Anka | Armstrong | Astaire | Bennett | Boswell | Boswells | Brice | Bublé | Carter | Clooney | Cole | Como | Connick | Crosby | Day | Dearie | Eckstine | Faye | Feinstein | Fitzgerald | Francis | Garland | Holiday | Horn | Horne | Keel | Kelly | Krall | Laine | Lamour | Lee | Manilow | Martin | Mathis | McRae | Midler | Nilsson | Page | Rogers | Shore | Simone | Sinatra | Stafford | Stewart | Streisand | Tormé | Vaughan | Washington | Williams
New World Encyclopedia writers and editors rewrote and completed the Wikipedia article in accordance with New World Encyclopedia standards. This article abides by terms of the Creative Commons CC-by-sa 3.0 License (CC-by-sa), which may be used and disseminated with proper attribution. Credit is due under the terms of this license that can reference both the New World Encyclopedia contributors and the selfless volunteer contributors of the Wikimedia Foundation. To cite this article click here for a list of acceptable citing formats.The history of earlier contributions by wikipedians is accessible to researchers here:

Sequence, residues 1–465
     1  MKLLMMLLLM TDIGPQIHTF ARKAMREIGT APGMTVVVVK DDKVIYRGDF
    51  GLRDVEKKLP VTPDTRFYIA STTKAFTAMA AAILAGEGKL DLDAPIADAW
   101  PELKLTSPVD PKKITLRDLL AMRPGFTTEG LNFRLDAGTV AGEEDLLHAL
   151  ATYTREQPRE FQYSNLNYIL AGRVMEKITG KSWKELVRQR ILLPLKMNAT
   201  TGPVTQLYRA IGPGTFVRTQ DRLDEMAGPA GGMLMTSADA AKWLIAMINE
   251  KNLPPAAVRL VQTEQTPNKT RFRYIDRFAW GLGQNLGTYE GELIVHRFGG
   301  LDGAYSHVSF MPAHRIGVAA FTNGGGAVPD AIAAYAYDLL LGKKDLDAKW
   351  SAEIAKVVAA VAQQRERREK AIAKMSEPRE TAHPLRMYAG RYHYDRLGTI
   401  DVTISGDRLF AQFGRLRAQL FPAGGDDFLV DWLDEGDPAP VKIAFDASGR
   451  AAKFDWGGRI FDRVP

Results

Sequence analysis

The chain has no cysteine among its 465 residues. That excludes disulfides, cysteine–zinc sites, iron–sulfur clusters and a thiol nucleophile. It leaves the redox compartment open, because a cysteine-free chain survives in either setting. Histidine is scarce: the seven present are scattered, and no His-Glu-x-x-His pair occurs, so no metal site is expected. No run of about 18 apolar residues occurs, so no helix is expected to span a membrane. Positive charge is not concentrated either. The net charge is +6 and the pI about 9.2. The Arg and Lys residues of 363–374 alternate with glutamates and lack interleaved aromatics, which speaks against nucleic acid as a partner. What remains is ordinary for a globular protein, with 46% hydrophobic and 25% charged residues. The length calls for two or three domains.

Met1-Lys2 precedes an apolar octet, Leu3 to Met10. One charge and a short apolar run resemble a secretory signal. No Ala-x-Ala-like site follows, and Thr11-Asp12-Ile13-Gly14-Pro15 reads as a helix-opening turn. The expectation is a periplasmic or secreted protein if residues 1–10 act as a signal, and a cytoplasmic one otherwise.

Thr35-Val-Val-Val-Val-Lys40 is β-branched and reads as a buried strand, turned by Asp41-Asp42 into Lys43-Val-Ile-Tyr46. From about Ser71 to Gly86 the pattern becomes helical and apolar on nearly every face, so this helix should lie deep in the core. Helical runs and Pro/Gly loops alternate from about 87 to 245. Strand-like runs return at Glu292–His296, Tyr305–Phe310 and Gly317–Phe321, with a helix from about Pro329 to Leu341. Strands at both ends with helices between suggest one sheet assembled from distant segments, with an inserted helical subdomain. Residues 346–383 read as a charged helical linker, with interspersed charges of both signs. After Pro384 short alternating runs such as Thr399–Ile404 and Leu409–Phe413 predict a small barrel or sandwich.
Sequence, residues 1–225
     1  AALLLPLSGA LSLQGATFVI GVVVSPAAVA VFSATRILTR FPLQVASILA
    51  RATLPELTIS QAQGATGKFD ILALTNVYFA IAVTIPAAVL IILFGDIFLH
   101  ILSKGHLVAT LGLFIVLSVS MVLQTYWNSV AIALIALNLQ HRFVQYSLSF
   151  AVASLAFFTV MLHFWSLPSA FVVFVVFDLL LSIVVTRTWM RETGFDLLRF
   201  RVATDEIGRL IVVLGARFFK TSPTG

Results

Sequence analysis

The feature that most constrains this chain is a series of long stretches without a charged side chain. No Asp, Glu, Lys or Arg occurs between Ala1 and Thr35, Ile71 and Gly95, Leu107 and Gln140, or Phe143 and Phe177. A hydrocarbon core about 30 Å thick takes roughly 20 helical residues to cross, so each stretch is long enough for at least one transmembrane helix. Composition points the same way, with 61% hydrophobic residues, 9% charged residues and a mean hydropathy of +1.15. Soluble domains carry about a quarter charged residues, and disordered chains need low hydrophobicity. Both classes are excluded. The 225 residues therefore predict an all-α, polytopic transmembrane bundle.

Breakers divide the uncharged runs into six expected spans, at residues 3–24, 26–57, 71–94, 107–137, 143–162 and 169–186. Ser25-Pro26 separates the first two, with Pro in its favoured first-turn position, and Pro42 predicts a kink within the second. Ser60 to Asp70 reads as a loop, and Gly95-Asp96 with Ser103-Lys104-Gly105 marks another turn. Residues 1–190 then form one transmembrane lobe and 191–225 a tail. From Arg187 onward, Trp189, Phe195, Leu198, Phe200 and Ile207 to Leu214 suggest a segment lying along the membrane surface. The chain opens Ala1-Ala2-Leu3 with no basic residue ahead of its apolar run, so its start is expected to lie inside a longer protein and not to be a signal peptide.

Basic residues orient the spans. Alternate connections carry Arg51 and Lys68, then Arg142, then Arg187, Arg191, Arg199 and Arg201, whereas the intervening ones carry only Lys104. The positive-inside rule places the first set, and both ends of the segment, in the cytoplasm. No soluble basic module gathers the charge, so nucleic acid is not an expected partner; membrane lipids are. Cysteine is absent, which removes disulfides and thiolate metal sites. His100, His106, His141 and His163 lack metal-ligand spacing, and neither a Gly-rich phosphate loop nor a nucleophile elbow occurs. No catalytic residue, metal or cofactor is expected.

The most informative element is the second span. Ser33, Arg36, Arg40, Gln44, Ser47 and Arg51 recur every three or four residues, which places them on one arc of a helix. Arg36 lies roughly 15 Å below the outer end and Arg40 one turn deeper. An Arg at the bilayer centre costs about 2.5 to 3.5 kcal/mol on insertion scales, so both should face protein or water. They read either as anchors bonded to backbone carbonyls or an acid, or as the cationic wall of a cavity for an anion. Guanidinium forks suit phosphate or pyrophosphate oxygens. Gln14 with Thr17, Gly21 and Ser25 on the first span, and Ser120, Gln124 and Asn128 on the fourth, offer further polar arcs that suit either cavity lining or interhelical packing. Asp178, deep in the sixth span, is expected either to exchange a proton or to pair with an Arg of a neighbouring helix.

Note: Some restrictions may apply to use of individual images which are separately licensed.